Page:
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Program boosts Ellsburys star power

Fair Game

Jacoby Ellsbury is getting plenty of national play - as is Portland's 'SPARQ' (speed, power, agility, reaction, quickness) program.

The Boston Red Sox rookie is featured in last week's Sports Illustrated, this month's Men's Vogue and next month's Men's Health magazines. All make mention of the former Oregon State All-American's offseason fitness program with trainer Matt James at Velocity Sports in Hillsboro.

'SPARQ,' invented by Rudy Chapa, now is a franchise that is partnered with Nike Inc., which will brand it and begin marketing training footwear and apparel, James says. This winter, Ellsbury became the first baseball player to score more than 100 points in SPARQ testing for the 30-yard dash, vertical jump, shuttle run and rotational power-ball toss.

Over 2 1/2 months of training in the offseason, Ellsbury added 15 pounds to his 6-foot frame and is at 185.

'Jacoby is more powerful and explosive but has kept all his speed,' James says. 'He had a nice splash in the national spotlight last season, but he still feels he has a lot to prove. He's one of those kids who doesn't let success go to his head. A week after he left Boston, he was in the gym with me.'

• Houston's acquisition of veteran point guard Bobby Jackson has all but eliminated playing time for Aaron Brooks. That doesn't mean the Rockets are down on the rookie from Oregon.

'We felt a little more experience behind (starter) Rafer Alston was important,' coach Rick Adelman says, 'but we love Aaron Brooks. He has all the quickness and speed in the world, and he can shoot the ball. He just has to learn how to defend and play in (the NBA).'

• Mock drafts have predicted that Oregon running back Jonathan Stewart will go in the first round, anywhere from No. 16 to Arizona to No. 25 to Seattle. But the ex-Duck standout underwent surgery Wednesday to correct a turf-toe injury originally suffered in November. He had been red-flagged by doctors during medical exams last month at the NFL Combine. The recovery period for such surgery varies from four weeks to six months.

• Today is Pro Timing Day in Corvallis, when representatives of about half of the NFL clubs will watch a dozen Oregon State seniors go through a series of drills that will help determine draft status or free-agent offers.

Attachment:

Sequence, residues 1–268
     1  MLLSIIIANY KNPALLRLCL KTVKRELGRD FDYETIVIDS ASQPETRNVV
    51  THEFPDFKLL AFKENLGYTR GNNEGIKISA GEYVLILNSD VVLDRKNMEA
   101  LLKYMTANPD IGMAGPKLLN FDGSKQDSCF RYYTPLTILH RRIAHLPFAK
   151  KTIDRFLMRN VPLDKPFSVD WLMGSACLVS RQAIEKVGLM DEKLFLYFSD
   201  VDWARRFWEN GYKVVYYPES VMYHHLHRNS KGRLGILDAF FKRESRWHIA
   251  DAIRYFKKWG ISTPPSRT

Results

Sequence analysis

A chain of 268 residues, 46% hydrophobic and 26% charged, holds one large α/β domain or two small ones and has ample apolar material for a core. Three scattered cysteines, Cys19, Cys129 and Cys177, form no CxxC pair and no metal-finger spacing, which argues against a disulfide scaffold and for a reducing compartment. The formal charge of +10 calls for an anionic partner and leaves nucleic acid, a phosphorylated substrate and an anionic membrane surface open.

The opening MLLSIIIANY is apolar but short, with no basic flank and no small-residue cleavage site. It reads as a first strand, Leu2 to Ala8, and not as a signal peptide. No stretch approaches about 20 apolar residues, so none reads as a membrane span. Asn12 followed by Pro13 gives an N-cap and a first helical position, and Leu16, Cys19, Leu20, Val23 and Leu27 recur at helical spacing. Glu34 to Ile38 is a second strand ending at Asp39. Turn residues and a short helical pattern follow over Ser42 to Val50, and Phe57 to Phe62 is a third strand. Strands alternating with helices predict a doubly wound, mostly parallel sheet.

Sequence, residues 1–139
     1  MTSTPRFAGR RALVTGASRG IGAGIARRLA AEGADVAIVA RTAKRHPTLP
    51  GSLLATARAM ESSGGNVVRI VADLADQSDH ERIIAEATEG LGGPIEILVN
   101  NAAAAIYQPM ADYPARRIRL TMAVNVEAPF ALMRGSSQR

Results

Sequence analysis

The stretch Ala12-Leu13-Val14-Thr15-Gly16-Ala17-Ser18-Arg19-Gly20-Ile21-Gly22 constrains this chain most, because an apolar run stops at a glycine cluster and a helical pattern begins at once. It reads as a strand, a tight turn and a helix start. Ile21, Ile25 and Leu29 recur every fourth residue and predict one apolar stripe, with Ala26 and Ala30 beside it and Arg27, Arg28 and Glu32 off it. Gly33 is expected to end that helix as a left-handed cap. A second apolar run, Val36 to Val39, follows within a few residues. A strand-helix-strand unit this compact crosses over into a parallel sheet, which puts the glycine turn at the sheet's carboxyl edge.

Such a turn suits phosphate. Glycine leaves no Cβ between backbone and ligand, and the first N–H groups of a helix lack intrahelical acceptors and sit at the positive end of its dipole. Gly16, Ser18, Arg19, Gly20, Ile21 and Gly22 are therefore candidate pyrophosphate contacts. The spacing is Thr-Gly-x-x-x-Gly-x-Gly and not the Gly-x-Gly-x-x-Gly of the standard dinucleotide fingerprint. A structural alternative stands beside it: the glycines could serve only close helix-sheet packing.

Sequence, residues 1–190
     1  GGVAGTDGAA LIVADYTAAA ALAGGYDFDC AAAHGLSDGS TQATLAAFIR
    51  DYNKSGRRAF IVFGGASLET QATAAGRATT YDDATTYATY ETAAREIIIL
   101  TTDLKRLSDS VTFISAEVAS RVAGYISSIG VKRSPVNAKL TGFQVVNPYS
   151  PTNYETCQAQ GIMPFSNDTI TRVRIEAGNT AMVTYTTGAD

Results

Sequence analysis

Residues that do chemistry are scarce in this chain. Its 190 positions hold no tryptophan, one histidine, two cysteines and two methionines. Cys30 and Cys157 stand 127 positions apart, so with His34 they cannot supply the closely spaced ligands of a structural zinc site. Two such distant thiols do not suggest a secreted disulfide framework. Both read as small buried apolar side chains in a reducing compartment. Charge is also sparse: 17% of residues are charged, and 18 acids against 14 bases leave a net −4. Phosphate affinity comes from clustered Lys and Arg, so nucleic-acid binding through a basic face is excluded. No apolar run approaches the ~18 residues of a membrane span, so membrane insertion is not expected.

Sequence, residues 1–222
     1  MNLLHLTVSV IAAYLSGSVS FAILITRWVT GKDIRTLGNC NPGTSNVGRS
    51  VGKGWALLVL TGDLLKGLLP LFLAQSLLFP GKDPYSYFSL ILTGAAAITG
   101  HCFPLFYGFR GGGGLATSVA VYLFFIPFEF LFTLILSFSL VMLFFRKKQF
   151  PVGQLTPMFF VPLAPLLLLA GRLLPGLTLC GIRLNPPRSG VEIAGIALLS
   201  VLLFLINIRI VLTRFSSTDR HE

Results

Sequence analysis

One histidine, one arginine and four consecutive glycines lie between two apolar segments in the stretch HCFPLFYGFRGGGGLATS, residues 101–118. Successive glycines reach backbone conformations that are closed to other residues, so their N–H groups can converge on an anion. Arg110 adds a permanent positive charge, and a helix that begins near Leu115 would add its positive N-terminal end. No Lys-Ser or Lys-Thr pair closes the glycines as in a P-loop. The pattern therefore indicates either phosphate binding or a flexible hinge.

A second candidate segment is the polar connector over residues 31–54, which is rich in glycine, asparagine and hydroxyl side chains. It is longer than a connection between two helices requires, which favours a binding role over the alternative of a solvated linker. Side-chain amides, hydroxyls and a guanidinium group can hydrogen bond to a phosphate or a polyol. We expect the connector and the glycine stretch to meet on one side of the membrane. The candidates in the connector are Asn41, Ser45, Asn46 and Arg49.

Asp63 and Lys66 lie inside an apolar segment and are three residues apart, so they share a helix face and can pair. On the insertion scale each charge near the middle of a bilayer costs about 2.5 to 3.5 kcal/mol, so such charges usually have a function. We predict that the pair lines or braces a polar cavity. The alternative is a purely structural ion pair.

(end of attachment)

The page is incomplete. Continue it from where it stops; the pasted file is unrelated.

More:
'It's of major importance because it's the last impression the scouts will have of the players as they go back to discuss the draft,' says OSU coach Mike Riley, for three years head coach of the San Diego Chargers. 'What they've just seen will impact how they put (the players) on the board. They either confirm or change their opinion of a player.

'There's too much stock put into this thing, really. A player's résumé has been written through four years of college ball. How they played there is the best indicator of how they would play at the NFL level.'

Riley is thinking of players such as tailback Yvenson Bernard, who will be downgraded because he ran a 4.8 40 at the NFL Combine last month at Indianapolis.

Bernard will aim to run a better 40 time today. Linebacker Joey LaRocque is another ex-Beaver who hopes to show he is faster than his reputation.

'I'd like to exceed the 4.75 time a lot of teams have for me,' says LaRocque, who has been training in Southern California the past two months. 'I should be able to smoke that. I also want to do a lot of reps (at 225 pounds) on the bench press. I'm in the best shape of my life right now. I'm excited to see what kind of results I'll have.'

• Guard Roy Schuening is the Beaver expected to go highest - perhaps third round - in the April 26 and April 27 draft.

• Oregon State has its first verbal commitment from the class of 2009 - West Albany's John Braun, a 6-5, 250-pound tackle who was first-team All-State both ways as a junior.

• If San Diego's Bill Grier gets the Oregon State basketball coaching job, look for OSU broadcaster Mike Parker to serve as his No. 1 assistant.

'He should have a place for me somewhere,' jokes Parker, a fellow Cottage Grove High alum who coached Grier in summer-league ball years ago.

'I always loved the kid,' Parker says of the longtime assistant under Mark Few at Gonzaga, who took USD to the West Coast Conference tournament title in his first year there. 'He coordinated Few's defenses at Gonzaga and has always paid tremendous attention to detail. I'd be delighted to see him in the conversation about (the OSU) job. What has happened the past two weeks has considerably enhanced his track record.'

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